Northeast Times

Strength through support

A per­fect pair: Jo Ann Runewicz (left) and Den­een Raysor (right) co-own Urb­an Boot Camp in Hunt­ing­don Val­ley. The gym has small class sizes primar­ily for fo­cus­ing on par­ti­cipants’ heart rates, speed, and phys­ic­al and com­mu­nic­at­ive im­ped­i­ments. MARIA POUCH­NIKOVA / TIMES PHOTO

Three years ago, Den­een Raysor and Jo Ann Runewicz du­ti­fully in­stalled the floor to their co-owned fit­ness fa­cil­ity and mar­tial arts school, them­selves. 

Loc­ated just out­side of Somer­ton on Pine Road in Hunt­ing­don Val­ley, Urb­an Boot Camp/Cross­Fit North­east Philly as well as the UBC Strike­Force MMA academy are the work­ing suc­cesses of a fit­ness ment­or­ship, which began 12 years ago, that turned in­to a busi­ness and edu­ca­tion­al part­ner­ship. 

Raysor and Runewicz en­cour­age their mar­tial artists, Cross­Fit­ters and kick­box­ers alike to em­ploy the same con­vic­tion they used when cre­at­ing UBC: to hold their own at all times. 

Raysor, an ex­er­cise physiolo­gist, was ac­tu­ally Runewicz’s train­er at a gym she had been at­tend­ing. From here, the two forged a friend­ship and have been on a mis­sion to edu­cate the com­munity on con­sist­ent healthy liv­ing and pro­act­ively stay­ing in shape.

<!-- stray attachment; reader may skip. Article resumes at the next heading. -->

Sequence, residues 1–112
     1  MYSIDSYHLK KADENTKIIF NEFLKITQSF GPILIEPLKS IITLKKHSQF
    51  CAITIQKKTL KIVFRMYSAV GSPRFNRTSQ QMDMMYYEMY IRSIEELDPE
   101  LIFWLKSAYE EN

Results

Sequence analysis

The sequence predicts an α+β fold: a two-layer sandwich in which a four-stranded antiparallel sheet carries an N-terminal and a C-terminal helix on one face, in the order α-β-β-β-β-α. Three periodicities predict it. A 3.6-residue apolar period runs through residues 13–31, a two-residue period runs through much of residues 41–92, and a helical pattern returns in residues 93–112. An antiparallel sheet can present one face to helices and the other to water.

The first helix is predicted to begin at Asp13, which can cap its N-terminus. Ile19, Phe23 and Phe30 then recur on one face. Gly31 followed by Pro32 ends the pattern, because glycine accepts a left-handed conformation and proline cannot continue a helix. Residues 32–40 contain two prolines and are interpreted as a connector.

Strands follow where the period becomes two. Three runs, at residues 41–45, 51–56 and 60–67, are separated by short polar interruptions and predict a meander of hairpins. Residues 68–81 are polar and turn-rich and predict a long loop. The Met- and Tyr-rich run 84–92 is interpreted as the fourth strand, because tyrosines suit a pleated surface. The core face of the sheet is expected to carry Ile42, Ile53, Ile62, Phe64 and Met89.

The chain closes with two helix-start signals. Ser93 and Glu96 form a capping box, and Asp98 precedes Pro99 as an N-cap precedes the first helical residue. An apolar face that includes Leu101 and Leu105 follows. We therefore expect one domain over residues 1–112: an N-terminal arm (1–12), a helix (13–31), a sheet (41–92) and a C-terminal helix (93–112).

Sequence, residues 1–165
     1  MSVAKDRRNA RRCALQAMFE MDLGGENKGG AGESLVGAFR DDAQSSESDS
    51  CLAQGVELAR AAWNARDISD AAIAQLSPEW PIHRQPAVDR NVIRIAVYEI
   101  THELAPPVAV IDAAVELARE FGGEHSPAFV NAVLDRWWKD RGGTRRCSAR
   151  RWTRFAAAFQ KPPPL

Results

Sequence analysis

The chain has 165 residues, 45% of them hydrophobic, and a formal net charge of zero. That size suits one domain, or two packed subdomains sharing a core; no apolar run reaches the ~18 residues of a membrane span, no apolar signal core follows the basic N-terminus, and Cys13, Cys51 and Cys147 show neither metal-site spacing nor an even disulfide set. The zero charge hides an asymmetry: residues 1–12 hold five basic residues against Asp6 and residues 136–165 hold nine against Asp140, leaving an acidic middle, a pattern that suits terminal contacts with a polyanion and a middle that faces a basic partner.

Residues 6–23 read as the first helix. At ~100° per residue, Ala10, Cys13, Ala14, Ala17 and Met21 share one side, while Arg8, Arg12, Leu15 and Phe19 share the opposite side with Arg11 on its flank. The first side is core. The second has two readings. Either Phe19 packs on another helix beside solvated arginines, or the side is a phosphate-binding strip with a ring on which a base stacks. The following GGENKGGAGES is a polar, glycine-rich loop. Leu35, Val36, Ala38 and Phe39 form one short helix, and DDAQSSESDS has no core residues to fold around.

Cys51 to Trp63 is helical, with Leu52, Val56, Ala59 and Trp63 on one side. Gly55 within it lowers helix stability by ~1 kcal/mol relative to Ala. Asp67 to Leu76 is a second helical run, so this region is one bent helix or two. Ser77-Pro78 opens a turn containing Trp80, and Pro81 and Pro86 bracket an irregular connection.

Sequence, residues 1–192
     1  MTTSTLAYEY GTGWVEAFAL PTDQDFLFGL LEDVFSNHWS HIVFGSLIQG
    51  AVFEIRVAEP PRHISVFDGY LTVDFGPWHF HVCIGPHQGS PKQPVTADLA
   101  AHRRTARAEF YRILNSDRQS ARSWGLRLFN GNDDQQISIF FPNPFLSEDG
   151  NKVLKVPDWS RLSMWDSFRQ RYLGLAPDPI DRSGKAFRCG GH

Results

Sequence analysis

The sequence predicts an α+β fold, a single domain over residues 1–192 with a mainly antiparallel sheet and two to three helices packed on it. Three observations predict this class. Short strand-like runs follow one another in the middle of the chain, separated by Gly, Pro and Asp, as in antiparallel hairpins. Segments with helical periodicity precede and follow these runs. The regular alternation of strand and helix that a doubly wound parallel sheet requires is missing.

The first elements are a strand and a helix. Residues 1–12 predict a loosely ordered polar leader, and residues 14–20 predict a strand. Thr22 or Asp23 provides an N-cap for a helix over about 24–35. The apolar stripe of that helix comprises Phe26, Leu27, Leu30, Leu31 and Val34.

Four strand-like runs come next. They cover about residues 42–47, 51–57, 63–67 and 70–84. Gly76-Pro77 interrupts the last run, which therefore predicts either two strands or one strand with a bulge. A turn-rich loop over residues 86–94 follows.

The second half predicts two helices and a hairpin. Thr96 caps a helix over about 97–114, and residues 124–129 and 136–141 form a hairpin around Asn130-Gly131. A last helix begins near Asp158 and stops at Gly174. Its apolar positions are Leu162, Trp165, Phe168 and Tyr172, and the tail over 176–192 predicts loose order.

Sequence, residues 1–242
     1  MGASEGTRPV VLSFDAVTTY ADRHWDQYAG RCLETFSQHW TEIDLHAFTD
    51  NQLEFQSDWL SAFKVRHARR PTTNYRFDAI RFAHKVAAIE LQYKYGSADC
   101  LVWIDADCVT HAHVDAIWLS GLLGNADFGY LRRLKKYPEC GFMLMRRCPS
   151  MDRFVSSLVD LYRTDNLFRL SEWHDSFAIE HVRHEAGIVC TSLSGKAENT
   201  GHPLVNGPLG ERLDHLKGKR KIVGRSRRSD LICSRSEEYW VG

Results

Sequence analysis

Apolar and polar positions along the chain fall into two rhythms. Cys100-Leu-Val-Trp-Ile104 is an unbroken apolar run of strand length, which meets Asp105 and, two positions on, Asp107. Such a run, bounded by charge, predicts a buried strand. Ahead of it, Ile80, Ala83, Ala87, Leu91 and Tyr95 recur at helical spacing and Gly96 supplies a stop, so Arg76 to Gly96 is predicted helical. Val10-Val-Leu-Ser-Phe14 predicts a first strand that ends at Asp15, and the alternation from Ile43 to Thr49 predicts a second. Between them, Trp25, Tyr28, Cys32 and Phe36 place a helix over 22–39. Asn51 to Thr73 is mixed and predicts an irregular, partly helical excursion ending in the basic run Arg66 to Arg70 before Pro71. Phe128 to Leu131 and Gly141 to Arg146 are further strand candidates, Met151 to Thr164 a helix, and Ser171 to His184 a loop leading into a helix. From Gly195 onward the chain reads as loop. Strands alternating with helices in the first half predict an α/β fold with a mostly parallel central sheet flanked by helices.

Their per­son­al suc­cesses are mirrored in the gold stand­ings their mar­tial arts stu­dents bring home after tour­na­ments. In her own ca­reer, Raysor has just earned the pres­ti­gi­ous hon­or of par­ti­cip­at­ing in Team Ex­ec­ut­ive Edge, a mixed mar­tial arts team for those over 30 years old with black belts, ac­cord­ing to Raysor. This elite team is based in Brook­lyn, and she is able to com­mute from her home in the North­east for com­pet­i­tions. She holds a fourth Dan black belt in Tae Kwon Do, which al­lows her to par­ti­cip­ate at the “mas­ters” level in tour­na­ments. In 2012 and 2013, she won the grand cham­pi­on­ship for the wo­men’s mixed mar­tial arts tour­na­ment held at the South­ern Shaol­in Academy in Phil­adelphia. 

But, that is not all. Raysor has also served as a ser­geant in the U.S. Army Re­serve. In con­junc­tion with her com­pre­hens­ive r&ea­cute;sum&ea­cute;, she pos­sesses a mas­ter of sci­ence de­gree in kin­esi­ology as well as mul­tiple cer­ti­fic­a­tions, in­clud­ing Cross­Fit and MMA con­di­tion­ing.

Runewicz, a doc­tor of edu­ca­tion, is also a re­gistered nurse pos­sess­ing a mas­ter of sci­ence in nurs­ing; she is a nurs­ing in­struct­or. She holds a first Dan black belt in Tae Kwon Do and is cer­ti­fied in per­son­al train­ing as well as be­ing a core strength spe­cial­ist. Runewicz also cap­it­al­izes on her ex­per­i­ence in self-de­fense, box­ing and kick­box­ing in the of­fer­ings at UBC.  

To­geth­er, their ex­pert­ise as well as health aware­ness and in­jury pre­ven­tion ex­per­i­ence render a whole­some and mo­tiv­a­tion­al en­vir­on­ment that is per­fect for every kind of as­pir­ing ath­lete with­in the “box”: from the green, out-of-shape to the seasoned, mar­tial artist. 

“We have stu­dents, po­lice of­ficers, fire­fight­ers, teach­ers, priests, re­tired seni­ors [par­ti­cip­ate,]” Runewicz said. “We want to save lives.”